Take photo editing and personalization a step further with Pixlr X. As I always say, experiment with your creativity and play around with effects to learn and enhance your personal style. Today we’re gonna look into adding free light leak overlays on our photos, and explore more on that feature!
A Little Bit Of History On The Light Leak Overlay
Here’s what it is: It’s a yummy overlay that goes over your photos to enhance the appearance – like most other effects do. Digitally created light leaks mainly started out as an emulation of vintage and retro effects popularized from old photos. Back in the day though, light leaks were viewed as creative errors developed in photography from old cameras, like those with film rolls. Light leaks were seen as mistakes and the photos would most likely not be used. Now, the rise in popularity allows us to see this photo effect recreated in contemporary photography, too. If you haven’t already explored it, Pixlr X has a whole slew of light leak overlays to choose from in the presets menu.
Getting Custom Light Leaks Through Layering
If one light leak overlay doesn’t cut it for you, nor does flipping and rotating work out, why not try layering instead? Pixlr X allows you to layer effects and overlays over other styles to achieve your desired photo appearance.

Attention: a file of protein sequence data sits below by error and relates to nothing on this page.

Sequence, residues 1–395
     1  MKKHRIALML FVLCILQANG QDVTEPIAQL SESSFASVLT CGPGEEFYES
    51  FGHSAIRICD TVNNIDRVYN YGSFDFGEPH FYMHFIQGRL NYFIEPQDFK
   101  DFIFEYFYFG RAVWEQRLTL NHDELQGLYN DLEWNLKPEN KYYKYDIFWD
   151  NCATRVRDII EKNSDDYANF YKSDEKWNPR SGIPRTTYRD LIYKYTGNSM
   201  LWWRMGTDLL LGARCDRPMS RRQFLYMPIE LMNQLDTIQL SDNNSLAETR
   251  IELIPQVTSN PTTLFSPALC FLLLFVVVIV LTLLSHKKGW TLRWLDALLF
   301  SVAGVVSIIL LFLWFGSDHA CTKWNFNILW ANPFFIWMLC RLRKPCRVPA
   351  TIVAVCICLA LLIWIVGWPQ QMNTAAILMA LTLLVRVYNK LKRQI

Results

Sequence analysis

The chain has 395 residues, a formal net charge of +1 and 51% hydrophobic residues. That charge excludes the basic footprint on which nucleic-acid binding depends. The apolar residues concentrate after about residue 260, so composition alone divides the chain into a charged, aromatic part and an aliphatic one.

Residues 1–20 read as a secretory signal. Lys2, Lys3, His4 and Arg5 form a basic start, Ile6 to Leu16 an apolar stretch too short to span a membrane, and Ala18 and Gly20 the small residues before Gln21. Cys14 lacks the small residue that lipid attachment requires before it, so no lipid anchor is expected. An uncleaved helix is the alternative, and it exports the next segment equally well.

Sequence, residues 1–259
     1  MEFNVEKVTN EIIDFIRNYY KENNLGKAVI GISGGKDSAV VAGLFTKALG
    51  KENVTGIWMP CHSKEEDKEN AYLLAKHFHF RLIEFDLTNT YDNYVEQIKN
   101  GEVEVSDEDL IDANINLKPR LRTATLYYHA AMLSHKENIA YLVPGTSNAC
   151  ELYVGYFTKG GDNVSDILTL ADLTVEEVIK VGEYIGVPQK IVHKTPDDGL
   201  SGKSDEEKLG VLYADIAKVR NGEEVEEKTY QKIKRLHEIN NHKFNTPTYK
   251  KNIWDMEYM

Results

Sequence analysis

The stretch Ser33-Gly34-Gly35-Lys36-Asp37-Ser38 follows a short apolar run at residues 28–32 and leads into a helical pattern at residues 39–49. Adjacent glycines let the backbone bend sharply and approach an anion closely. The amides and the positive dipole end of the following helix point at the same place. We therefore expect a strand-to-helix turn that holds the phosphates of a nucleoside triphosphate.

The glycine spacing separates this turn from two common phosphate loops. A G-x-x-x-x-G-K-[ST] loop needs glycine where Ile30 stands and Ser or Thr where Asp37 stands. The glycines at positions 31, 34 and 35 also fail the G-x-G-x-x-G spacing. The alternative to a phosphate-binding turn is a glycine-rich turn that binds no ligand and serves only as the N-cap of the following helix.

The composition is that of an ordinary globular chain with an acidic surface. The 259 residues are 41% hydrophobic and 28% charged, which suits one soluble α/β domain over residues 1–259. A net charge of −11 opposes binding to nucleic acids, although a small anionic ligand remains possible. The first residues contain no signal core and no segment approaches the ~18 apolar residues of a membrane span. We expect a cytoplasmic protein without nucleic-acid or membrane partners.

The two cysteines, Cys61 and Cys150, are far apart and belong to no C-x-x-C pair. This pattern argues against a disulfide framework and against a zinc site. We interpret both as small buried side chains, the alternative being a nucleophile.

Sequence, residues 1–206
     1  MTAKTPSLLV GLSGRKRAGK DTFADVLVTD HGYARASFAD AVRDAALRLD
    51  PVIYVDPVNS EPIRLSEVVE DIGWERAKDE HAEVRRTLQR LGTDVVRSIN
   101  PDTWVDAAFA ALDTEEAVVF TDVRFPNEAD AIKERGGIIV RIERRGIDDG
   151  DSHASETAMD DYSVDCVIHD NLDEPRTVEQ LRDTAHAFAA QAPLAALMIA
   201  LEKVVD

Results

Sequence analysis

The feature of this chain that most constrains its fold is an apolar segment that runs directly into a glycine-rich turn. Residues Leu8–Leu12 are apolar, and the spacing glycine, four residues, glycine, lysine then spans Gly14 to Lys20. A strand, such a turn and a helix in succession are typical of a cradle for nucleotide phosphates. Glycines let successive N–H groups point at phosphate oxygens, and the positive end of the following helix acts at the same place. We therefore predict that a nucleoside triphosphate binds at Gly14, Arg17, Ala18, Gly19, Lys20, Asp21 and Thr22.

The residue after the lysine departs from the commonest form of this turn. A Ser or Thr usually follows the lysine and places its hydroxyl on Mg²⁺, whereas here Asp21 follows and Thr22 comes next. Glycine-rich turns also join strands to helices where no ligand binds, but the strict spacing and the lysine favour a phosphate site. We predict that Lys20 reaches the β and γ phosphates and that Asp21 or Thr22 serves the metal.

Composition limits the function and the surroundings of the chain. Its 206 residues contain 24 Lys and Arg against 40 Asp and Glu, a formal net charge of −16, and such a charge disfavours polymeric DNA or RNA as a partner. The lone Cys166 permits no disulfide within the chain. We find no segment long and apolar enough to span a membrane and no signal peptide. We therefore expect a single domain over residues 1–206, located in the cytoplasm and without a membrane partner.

Launch Pixlr X in your browser and use a stock photo of your preference or upload your own image. Once your photo has loaded, you’ll want to click on Add Element in the left toolbar and then select Overlay when the sidebar pops up.
You’ll want to select Leaks next to open up Pixlr X’s collection of light leak overlays.
Once the overlays have loaded, scroll and select the ones that you like or those that fit your photos. Tip: You can click on Add to duplicate an extra layer with the same overlay you’ve chosen. As always, you can play around with the transparency to adjust the intensity of the light leaks. Rotate and flip the overlay’s layer to achieve your desired outcome without having to flip your photo.
Here’s a before and after photo to compare the results after adding overlay effects:
While my example may just show you a blend of several different overlays, you can always give it your own spin. My technique is simple, really. Shift the overlay layers over each other, or rotate and flip them to achieve the best overlay effect for your photography.
What other ways can you think of to replicate a natural light leak overlay effect?